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An effective methodology to solve inverse kinematics of electroactive polymer actuators modelled as active and soft robotic structures

Journal Article


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Abstract


  • Electroactive polymers (EAPs) generate highly non-linear deflections when they are used as actuators, which are known as artificial muscles. Though several modelling methods have been proposed before to understand their mechanical, chemical, electrical behaviours or ‘electro-chemo-mechanical’ behaviour, estimating the whole shape deflection of the EAP actuators has not been studied yet. Therefore, we report on (i) an effective methodology to estimate these actuators' whole shape deflection by employing a soft robotic actuator/manipulator approach and (ii) an angle optimization method, which we call AngleOPT, to accurately solve the EAP actuators' inverse kinematic problem. Laminated polypyrrole (PPy) EAP actuators are employed to validate the soft robotic kinematic model which has more degrees of freedom than its input. This follows that we have reduced a difficult problem to an easy-to solve inverse kinematic problem (easier to solve) of a hyper-redundant soft robotic system. A parametric estimation model is also proposed to predict the tip coordinates of the actuators for a given voltage. The experimental and numerical results are presented to demonstrate the efficacy of the methodology for estimating the EAP actuators' highly non-linear bending behaviour from the inverse kinematic model. The proposed methodology can be extended to other type of smart structures with a similar topology.

Publication Date


  • 2013

Citation


  • Mutlu, R., Alici, G. & Li, W. (2013). An effective methodology to solve inverse kinematics of electroactive polymer actuators modelled as active and soft robotic structures. Mechanism and Machine Theory, 67 (1), 94-110.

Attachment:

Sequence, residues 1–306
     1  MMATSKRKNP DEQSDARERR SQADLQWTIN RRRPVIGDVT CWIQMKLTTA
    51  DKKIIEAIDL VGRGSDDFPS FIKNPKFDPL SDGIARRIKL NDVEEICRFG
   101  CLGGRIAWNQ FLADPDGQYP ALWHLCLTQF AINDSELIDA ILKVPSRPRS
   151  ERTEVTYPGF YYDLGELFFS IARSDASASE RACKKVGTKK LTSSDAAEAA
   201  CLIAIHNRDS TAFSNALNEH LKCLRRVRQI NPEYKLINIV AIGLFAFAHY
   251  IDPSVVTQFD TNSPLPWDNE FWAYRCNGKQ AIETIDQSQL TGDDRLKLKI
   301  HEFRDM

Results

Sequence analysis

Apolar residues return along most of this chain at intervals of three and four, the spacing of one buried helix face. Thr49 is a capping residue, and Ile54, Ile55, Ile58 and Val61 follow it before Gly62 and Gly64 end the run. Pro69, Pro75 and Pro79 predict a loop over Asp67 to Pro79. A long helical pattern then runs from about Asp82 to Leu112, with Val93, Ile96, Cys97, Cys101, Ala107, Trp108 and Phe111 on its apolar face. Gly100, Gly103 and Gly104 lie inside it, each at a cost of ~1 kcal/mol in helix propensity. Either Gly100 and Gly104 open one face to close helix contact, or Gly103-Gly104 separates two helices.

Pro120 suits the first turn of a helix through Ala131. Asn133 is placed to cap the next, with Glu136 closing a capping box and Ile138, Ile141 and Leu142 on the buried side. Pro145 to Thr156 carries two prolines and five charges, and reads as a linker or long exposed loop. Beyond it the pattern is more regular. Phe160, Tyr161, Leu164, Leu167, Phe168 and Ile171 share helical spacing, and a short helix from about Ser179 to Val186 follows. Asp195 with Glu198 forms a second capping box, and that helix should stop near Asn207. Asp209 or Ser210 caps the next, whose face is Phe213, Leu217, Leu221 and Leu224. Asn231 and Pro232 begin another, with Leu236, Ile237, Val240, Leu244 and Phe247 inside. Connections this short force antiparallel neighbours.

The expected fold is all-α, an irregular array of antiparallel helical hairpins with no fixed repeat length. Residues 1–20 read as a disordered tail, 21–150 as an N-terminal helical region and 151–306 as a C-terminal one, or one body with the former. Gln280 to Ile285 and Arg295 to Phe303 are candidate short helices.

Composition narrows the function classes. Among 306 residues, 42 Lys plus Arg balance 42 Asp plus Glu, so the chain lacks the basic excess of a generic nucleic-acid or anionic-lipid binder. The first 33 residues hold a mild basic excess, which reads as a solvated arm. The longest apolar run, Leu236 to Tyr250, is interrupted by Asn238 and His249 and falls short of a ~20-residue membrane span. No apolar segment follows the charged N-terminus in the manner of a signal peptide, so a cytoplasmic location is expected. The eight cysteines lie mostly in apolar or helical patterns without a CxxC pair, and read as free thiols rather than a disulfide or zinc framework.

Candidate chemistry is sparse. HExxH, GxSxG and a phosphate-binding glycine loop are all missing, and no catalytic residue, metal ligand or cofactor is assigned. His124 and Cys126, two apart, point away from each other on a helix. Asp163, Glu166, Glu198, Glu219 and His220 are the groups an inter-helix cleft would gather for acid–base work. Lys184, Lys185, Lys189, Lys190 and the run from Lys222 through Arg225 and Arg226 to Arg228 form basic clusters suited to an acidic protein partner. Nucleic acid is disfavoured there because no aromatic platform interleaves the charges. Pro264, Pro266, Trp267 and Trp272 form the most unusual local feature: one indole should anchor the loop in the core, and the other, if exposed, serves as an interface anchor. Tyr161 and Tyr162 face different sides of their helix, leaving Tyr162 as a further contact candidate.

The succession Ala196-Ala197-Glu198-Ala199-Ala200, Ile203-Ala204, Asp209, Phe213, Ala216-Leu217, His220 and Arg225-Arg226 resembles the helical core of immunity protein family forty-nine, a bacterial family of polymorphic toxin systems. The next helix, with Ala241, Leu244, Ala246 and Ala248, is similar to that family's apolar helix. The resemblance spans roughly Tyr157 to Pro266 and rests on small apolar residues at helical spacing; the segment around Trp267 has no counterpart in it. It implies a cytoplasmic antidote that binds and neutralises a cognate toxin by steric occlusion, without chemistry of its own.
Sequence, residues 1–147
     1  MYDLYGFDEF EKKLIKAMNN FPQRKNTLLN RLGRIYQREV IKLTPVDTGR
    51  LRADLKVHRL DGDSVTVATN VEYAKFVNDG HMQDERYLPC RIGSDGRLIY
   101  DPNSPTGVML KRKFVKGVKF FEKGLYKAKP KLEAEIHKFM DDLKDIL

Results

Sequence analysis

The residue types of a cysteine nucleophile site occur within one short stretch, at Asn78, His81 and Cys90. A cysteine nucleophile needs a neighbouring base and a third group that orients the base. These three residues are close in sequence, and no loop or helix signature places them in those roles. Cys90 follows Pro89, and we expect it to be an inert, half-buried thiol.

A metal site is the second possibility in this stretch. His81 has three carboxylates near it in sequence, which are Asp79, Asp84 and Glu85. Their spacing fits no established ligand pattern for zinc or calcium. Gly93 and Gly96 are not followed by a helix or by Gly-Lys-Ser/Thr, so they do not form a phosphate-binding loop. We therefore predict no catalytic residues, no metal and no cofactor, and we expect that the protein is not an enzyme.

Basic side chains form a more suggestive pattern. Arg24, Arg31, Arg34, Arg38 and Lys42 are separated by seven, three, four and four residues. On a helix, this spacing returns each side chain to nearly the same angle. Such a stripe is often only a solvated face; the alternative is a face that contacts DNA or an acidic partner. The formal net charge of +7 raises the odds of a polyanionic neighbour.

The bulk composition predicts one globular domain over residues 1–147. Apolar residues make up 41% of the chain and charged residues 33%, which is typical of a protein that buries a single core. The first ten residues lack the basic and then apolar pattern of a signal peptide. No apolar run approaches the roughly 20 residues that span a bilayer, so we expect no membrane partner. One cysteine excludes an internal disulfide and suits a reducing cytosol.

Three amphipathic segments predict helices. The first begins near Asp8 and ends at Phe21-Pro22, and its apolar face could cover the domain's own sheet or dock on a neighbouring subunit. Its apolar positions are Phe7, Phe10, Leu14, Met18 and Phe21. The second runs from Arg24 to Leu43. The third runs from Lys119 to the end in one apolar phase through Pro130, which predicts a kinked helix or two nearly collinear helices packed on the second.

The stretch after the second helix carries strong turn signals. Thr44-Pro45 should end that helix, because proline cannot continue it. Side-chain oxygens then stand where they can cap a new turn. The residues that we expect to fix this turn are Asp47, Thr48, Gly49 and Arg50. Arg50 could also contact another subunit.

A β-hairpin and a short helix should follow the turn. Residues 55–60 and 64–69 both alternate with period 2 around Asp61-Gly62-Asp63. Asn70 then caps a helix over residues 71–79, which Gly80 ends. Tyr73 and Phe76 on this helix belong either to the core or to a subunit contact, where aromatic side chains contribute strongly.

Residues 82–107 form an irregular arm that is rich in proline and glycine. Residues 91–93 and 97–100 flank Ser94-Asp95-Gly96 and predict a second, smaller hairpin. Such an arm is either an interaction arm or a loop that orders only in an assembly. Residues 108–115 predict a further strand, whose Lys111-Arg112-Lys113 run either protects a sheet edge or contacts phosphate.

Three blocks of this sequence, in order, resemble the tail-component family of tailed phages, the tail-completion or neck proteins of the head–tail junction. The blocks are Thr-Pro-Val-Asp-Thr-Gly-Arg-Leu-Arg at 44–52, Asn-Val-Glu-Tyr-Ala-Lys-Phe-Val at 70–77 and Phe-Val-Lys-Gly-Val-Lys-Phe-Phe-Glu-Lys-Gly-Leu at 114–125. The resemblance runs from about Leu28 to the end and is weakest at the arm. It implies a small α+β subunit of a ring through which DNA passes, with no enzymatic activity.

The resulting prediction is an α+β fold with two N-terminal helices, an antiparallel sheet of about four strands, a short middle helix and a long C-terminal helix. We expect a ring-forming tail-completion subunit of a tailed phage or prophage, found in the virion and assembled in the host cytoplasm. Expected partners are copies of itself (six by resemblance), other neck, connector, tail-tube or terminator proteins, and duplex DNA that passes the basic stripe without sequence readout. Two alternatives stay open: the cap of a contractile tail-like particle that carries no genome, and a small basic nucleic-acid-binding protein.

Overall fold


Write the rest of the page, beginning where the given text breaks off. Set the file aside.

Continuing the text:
Scopus Eid


  • 2-s2.0-84877843014

Ro Full-text Url


  • http://ro.uow.edu.au/cgi/viewcontent.cgi?article=2111&context=eispapers

Ro Metadata Url


  • http://ro.uow.edu.au/eispapers/1102

Has Global Citation Frequency


Number Of Pages


  • 16

Start Page


  • 94

End Page


  • 110

Volume


  • 67

Issue


  • 1

Place Of Publication


  • United Kingdom

Abstract


  • Electroactive polymers (EAPs) generate highly non-linear deflections when they are used as actuators, which are known as artificial muscles. Though several modelling methods have been proposed before to understand their mechanical, chemical, electrical behaviours or ‘electro-chemo-mechanical’ behaviour, estimating the whole shape deflection of the EAP actuators has not been studied yet. Therefore, we report on (i) an effective methodology to estimate these actuators' whole shape deflection by employing a soft robotic actuator/manipulator approach and (ii) an angle optimization method, which we call AngleOPT, to accurately solve the EAP actuators' inverse kinematic problem. Laminated polypyrrole (PPy) EAP actuators are employed to validate the soft robotic kinematic model which has more degrees of freedom than its input. This follows that we have reduced a difficult problem to an easy-to solve inverse kinematic problem (easier to solve) of a hyper-redundant soft robotic system. A parametric estimation model is also proposed to predict the tip coordinates of the actuators for a given voltage. The experimental and numerical results are presented to demonstrate the efficacy of the methodology for estimating the EAP actuators' highly non-linear bending behaviour from the inverse kinematic model. The proposed methodology can be extended to other type of smart structures with a similar topology.

Publication Date


  • 2013

Citation


  • Mutlu, R., Alici, G. & Li, W. (2013). An effective methodology to solve inverse kinematics of electroactive polymer actuators modelled as active and soft robotic structures. Mechanism and Machine Theory, 67 (1), 94-110.

Scopus Eid


  • 2-s2.0-84877843014

Ro Full-text Url


  • http://ro.uow.edu.au/cgi/viewcontent.cgi?article=2111&context=eispapers

Ro Metadata Url


  • http://ro.uow.edu.au/eispapers/1102

Has Global Citation Frequency


Number Of Pages


  • 16

Start Page


  • 94

End Page


  • 110

Volume


  • 67

Issue


  • 1

Place Of Publication


  • United Kingdom